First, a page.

I’ve always hated sappy stories about dogs. I’ve been this way since I was young. Even though my obsession with dogs began when I was a child, I loathed films about dogs, mainly because they were so cheesy and the dogs always die in the end. I also refused to read all of the classic dog-related books for children. I hated Where the Red Fern Grows when I was young. My mother was reading it aloud and I started yelling in agony when the boy finally gets his long-desired hounds. He finally gets these dogs and then has the idiotic aplomb to name them Big Dan and Little Ann! It was the worst. My eight-year-old self was deeply insulted on behalf of those red hounds.
Memoir-like books about dogs tend to be equally bad. No one really wants to read Marley and Me. No one wants to hear dramatic, hyperbolic stories about your bad dog who tore up your house but eventually stole your heart; I’d much rather get to know a real dog. Chicken Soup for the Dog Lover’s Soul sounds like a perfect nightmare to me; I wouldn’t read it if you paid me.
All that to say, I was fairly wary about reading The Difficulty of Being a Dog, by French author Roger Grenier, translated by Alice Kaplan. It looked like it might be one of those little books that dripped with overwrought emotion about dogs. Thankfully, Grenier is not one inclined to displays of overwrought emotion. No, he is a proper and meditative Frenchman who loves dogs and old stories about the people who love them.
The book is composed of 43 very small vignettes and reflections about dogs and their place in our lives. And, to my great delight, it is very beautiful and not at all sappy. Grenier walks slowly through centuries-old anecdotes about kings, artists, and ordinary people who are very attached to their canines. He treats his subjects with respect and wry humor and never dips into the fatal charms of hyper-emotionality. Many of his stories and quotes will likely make their way onto this blog at any given point.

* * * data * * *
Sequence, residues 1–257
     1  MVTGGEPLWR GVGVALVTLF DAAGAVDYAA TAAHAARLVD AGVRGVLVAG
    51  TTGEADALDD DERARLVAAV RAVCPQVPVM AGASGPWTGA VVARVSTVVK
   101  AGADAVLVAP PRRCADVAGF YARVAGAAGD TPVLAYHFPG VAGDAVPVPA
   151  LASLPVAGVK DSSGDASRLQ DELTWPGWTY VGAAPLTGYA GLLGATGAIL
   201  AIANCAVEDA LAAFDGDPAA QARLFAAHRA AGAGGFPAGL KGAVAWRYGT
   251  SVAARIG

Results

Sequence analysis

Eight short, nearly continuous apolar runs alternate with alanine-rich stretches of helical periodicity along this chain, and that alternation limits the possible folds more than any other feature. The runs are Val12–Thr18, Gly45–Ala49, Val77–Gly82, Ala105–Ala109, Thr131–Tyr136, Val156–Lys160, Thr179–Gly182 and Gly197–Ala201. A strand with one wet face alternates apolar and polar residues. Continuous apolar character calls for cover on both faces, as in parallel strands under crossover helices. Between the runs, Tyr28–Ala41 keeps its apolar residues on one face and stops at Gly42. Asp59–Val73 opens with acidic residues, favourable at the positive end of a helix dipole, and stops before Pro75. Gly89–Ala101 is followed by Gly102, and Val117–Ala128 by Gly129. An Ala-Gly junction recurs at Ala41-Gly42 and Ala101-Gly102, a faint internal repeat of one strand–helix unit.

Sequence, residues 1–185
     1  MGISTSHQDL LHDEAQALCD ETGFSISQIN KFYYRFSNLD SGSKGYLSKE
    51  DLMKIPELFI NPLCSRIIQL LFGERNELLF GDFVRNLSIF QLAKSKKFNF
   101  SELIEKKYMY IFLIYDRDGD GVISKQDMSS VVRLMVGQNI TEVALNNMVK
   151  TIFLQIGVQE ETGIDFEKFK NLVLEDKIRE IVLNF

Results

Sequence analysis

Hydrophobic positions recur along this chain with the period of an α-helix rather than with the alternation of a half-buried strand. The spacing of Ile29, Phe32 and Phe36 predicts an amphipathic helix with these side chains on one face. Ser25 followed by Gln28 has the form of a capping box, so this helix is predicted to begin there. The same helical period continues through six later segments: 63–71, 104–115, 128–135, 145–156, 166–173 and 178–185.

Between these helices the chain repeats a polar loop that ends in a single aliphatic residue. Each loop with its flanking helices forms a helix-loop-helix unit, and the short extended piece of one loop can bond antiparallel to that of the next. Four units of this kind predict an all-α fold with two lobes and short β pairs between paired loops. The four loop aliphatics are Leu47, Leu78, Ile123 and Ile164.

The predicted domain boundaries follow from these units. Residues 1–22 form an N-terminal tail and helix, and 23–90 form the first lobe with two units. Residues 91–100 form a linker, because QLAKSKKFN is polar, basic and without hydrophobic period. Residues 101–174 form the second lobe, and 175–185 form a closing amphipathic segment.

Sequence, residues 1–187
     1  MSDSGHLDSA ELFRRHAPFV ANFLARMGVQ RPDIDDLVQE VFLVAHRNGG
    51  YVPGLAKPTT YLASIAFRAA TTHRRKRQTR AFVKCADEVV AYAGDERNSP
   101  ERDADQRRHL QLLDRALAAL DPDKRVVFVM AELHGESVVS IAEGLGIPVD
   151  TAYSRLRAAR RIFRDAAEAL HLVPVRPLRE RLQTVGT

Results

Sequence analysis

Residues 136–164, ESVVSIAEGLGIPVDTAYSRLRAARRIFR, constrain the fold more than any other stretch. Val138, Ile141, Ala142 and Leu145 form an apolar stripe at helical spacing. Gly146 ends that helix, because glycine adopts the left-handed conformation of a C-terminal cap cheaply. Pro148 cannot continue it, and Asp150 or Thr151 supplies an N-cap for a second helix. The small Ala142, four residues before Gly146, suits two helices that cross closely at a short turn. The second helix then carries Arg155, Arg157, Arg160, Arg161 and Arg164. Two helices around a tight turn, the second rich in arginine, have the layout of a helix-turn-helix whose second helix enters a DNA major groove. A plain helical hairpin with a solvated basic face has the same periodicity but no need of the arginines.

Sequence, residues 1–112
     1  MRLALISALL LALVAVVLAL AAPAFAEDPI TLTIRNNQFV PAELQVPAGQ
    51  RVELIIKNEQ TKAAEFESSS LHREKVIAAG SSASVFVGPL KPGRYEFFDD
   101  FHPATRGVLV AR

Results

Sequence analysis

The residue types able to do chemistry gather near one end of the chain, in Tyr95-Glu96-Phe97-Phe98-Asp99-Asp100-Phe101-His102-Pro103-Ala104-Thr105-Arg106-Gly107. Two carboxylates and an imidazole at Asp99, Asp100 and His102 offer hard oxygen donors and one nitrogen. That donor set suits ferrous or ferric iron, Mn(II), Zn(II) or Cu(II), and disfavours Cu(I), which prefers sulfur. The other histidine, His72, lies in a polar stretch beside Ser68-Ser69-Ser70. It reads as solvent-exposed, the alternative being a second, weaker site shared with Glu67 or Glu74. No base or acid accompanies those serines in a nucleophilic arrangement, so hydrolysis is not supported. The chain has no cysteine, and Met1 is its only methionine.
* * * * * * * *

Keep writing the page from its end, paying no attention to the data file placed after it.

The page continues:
Specifically, I liked Grenier’s presentation of the French view of owning a dog. One of the things my sisters told me I’d love about Paris was how many dogs roamed the streets–but roamed politely next to their humans. They often told me about the dogs who would be left, leash-less, outside the door of a cafe and wait patiently for their people to return. You’d be hard-pressed to find any dog in urban America who could do that. I like the French sense of canine companionship. Even though there is the danger of treating your dog like a human, the French seem to get the notion of a dog as a true companion. The dog goes everywhere I go; he sits with me in restaurants, he goes with me to the market, he rides in the basket of my bicycle. Grenier paints a portrait of the dog as a free and welcomed component of city living; it’s an image toward which I happily gravitate.
All in all, I loved this tiny book. I’d give it as a Christmas or birthday gift to someone else in my life who shared my unabashed love of dogs–and I’d give it without any embarrassment.